“At Son’s self-declared valuation of $64 billion, Arm would sport a price-to-sales (P/S) ratio of 25 and price-to-earnings (P/E) of over 120—nosebleed numbers in any market environment. …
    Perhaps more concerning is the litany of material risks disclosed, in particular, those surrounding its deep dependence on China. Arm only owns 48% of Arm China, and the company is greatly exposed to the whims of the Chinese government.”
    arm china is the source of 24.5% of arm’s revenue, and has a history of late payments to arm itself.

    1. Finster says:

      Wow JK … so maybe it’s not the “smart money” selling, but the &!#+€£$ money selling…

      1. Milton Kuo says:

        It’s only been trading days but ARM’s stock closed at $51.32 on Friday, September 22 for a market cap of $52.7B. Intraday high during this period was $69. If SoftBank really did buy an additional stake in ARM at a $64B valuation, they’re down 18% with the P/S and P/E ratios still at nosebleed levels.

          1. Finster says:

            NVDA has been soft all this month, peaking at $493.55 August 31 and closing this week at $416.10. CART (Instacart) spiked to $41.08 on its debut Tuesday, closing this week at $30.00.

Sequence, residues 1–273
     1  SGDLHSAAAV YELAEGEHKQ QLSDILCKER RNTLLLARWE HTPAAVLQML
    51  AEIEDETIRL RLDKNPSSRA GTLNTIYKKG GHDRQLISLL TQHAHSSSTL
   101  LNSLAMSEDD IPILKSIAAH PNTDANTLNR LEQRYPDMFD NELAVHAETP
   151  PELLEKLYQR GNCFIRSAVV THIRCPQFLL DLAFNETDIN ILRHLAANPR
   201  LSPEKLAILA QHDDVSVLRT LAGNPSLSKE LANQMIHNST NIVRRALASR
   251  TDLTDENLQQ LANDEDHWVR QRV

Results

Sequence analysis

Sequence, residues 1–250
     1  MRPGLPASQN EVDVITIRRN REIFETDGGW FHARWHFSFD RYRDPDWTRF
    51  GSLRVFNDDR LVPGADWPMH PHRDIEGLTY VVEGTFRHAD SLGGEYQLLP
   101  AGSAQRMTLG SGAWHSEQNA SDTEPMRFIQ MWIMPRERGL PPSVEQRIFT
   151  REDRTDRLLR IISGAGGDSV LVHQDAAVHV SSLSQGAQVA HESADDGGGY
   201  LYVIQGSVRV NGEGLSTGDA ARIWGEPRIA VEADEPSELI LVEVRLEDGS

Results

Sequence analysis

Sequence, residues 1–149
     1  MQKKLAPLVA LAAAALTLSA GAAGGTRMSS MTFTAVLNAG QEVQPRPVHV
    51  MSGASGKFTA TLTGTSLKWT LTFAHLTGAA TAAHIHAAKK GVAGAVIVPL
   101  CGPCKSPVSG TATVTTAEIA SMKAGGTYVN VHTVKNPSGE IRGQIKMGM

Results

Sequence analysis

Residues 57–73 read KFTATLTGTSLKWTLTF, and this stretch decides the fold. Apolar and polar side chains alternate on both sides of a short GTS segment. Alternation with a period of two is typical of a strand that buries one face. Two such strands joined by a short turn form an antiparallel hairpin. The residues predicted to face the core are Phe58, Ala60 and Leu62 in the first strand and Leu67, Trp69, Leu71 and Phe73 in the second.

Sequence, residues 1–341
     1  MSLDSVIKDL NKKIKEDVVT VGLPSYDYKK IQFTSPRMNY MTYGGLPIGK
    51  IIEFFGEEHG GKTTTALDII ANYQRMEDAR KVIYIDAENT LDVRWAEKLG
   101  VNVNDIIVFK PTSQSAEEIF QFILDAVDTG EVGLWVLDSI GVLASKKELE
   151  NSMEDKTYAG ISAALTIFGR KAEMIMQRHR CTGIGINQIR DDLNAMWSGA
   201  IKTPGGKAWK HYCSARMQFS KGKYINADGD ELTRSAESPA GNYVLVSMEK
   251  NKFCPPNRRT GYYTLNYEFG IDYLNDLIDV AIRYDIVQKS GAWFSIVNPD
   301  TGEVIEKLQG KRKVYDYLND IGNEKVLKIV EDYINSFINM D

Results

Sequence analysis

Broadly it’s been a weak month for stocks; seems the speculative fires may be cooling.

  3. Finster says:

    Now it’s Instacart. Said to have gone public at a premium share price. I’ve used Instacart’s service, but in contrast to Nvidia and Arm, which are merely great companies selling at way too great prices, am skeptical of its business model. Like other services that rely on gig workers putting expensive miles on their cars, it’s not clear where sustainable profits come from. Eventually many workers, who initially see only their fuel costs, will factor in maintenance, depreciation, insurance, etcetera and discover they’re earning barely enough to cover their vehicle expenses, in effect jointing shareholders in subsidizing transient profits for insiders.

    So this is all about eager investors subsidizing businesses through the capital markets. Grab market share at a loss in order to crush the competition in the hope of recouping it later. Where is the intrinsic economic value addition? My small town grocer can deliver groceries just as efficiently as any big corporation.

    IPO waves tend to happen in markets frothy with eager buyers as sellers see they have the advantage. So I see this as a bearish indicator. Bloomberg reports the company founder “is checking out with a $1.3B fortune”.

    Does IPO mean Initial Public Offering? Or It’s Probably Overpriced? Or Insider Profit Opportunity?